in which the urban areas of the Region would no longer have to import most

of the food items, other than rice from other agricultural regions. In

the past such drain in urban food expenditure helped to cause under-

development of the rural areas apart from the monopolistic stranglehold

of the rice market.

However, the capital mobilized from the peasantry should not be

channelled solely within the agricultural diversification projects. In

terms of monetary returns to investment, these projects may rank low,

but in terms of providing employment and extra income to peasant families,

they are highly favorable. The peasantry should never be condemned to

those economic activities pertaining only to agriculture. The $250 million

marketable surplus of rice per annum produced by the Iuda Region provides

too large a cake to too few urban entrepreneurs and private syndicates.

(See Table III for production figures.) The peasants through the 27 F. A.'s

could be organized to undertake a portion of this marketing business

volume. Thus the growth linkages between the peasantry and the outside

world' would directly extend beyond the Muda Region's boundaries.

As the overall expenditure in food items decreases, the overall

expenditure in non-food items increases. An earlier study in the Muda

Region indicates that there is a high tendency for peasants to .either

renovate their houses or when they can afford it, even build new ones

with increased income.13 The FAO/World Bank Report indicates an increasing


13H. M. Khairi and Y. Nohd. Tamin, "Socioeconomic Survey of the Kubang
Sepat Pilot Project," RPH (Mimeo). Alor Setor. 1968.




- 12 -


rate in expenditure on housing renovation as shown in Table IV. Whereas

expenditures on clothing and footwear, furniture and household equipment,

and tobacco which form the important consumer commodities, seem to be

remaining more or less constant. Hence, looking at the above trend,

non-farm activities to be organized as employment-generating enterprises

should give priority to woodwork in which housebuilding, repairing, and

furniture manufacturing would constitute the major activities. Taking

into account the fact that carpentering has traditionally been the major
14
non-farm activity of Muda peasants, the problem of basic skills is

minimal.

It is interesting to note that the scope for dress-making, especially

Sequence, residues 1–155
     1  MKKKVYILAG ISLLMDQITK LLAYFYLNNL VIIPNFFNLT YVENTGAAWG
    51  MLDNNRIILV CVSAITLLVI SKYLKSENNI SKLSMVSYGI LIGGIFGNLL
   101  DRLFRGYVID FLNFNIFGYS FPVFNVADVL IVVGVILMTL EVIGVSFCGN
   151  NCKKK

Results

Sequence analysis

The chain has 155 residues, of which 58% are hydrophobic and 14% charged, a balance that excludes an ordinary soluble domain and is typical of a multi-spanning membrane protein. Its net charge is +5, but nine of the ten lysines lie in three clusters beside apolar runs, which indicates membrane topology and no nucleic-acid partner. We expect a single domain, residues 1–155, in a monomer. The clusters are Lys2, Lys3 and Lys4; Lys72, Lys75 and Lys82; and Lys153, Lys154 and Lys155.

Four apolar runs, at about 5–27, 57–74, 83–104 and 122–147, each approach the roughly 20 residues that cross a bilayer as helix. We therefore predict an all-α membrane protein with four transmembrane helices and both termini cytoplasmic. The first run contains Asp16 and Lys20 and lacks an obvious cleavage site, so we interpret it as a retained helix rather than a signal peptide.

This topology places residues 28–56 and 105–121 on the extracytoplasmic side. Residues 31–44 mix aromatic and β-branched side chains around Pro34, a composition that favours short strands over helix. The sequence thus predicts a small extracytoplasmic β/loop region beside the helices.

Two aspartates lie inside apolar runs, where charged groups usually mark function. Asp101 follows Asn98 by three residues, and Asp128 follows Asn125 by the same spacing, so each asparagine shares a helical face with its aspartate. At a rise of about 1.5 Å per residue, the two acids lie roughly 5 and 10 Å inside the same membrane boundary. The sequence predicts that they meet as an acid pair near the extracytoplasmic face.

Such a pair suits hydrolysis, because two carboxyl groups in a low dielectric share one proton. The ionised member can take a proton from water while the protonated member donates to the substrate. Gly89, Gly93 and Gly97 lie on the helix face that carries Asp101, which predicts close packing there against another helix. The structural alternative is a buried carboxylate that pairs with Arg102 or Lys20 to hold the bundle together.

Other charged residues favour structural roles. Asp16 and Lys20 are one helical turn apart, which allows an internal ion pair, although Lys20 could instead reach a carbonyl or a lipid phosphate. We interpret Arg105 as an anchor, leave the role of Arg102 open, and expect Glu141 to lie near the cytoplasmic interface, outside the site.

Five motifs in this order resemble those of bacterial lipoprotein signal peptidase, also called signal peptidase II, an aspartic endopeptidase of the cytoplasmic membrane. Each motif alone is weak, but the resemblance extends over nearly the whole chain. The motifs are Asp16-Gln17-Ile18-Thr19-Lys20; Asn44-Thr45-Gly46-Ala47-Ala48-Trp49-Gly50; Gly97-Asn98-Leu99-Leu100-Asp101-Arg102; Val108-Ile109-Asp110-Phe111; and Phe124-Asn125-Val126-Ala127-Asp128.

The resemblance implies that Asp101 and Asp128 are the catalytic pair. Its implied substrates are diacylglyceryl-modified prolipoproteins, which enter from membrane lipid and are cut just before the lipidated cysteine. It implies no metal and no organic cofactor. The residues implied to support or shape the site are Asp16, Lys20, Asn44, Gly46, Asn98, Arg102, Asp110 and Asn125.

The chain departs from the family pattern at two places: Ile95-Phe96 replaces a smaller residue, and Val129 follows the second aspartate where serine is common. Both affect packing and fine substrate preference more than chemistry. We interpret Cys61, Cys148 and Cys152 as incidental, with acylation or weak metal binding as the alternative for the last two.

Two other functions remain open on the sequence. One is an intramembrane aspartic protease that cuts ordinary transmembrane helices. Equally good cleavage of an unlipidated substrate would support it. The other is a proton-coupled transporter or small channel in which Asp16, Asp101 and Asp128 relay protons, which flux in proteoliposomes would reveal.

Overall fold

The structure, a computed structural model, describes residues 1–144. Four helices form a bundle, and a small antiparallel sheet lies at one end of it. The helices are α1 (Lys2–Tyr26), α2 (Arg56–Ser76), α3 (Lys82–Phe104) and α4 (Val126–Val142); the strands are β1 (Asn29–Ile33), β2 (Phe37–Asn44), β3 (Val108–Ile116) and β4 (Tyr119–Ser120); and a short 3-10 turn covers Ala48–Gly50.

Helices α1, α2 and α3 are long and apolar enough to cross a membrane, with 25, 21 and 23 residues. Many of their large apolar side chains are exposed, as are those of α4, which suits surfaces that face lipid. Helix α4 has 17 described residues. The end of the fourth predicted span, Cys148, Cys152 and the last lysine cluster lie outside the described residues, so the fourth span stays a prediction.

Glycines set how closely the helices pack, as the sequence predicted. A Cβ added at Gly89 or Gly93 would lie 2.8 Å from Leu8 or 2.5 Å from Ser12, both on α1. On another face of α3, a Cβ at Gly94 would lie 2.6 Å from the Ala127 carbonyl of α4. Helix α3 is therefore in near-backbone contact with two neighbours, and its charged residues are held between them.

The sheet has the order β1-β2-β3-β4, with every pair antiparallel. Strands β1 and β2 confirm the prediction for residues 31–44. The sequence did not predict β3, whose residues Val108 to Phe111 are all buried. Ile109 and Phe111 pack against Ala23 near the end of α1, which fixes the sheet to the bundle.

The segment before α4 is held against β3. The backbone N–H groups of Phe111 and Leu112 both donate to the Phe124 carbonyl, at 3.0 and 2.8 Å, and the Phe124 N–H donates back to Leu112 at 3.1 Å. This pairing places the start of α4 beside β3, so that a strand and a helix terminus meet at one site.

mass production of school uniforms, army uniforms and those of government

employees, is very wide. Moreover, expenditure in clothing would pick up

as more peasants send their children to school and the overall demand

for quality dress increases. Dress cutting and sewing are two activities

which are indeed labor intensive.

Looking beyond the Muda.Region's boundaries, linkages between the

Region and other regions can be established through the network of

townships and urban centers of the former. The increasing income of the

Muda urban sector would create more demand for consumer goods with high

capital-labor ratio, while most of the demand for food and food products

are satisfied by the developing rural hinterland of the Region. This

would initially generate growth linkages with the other regions, especially

the industrial regions, in terms of increased importation of high capital-

labor ratio goods. However, for the overall growth of the Muda Region


4bid.




S13 -


this tendency should not be allowed to create a high net-outflow of

investments as has been traditionally occurring. i'oreover, the concen-

tration of all types of industries in the Penang industrial complexes

to the south of the Region has deleterious effects on the economy of the

latter, and generates social problems to the former. The industries

attract a large number of unskilled labor from the IMuda Region causing,

in effect, a transfer of poverty from one region to another.15

Some selected manufacturing industries should be allocated to the

Kuda Region. These industries should be those f. labor intensive types

and depend upon resources available locally. Strawboard, strawpaper,

noodle, bran-oil, poultry processing, and agricultural product canning

industries fall within the above category. This decentralization of

selected industries would generate a more balanced growth and development

between regions.

To realize the strategies set up above requires an ambitious

mobilization of capital from the peasantry, given the fact that both the

private sector and the government have their own priorities and limitations

to pump in more capital. The former may not have enough motivation apart

from the multi-million dollar agricultural input-output market, while

the latter may have to think about allocating resources to other poor

regions which have not been endowed with extensive growth-generating

infrastructures as those found in the Muda Region.

The remainder of this paper will describe the organizational efforts

in the last five years in the mobilization of peasant capital for the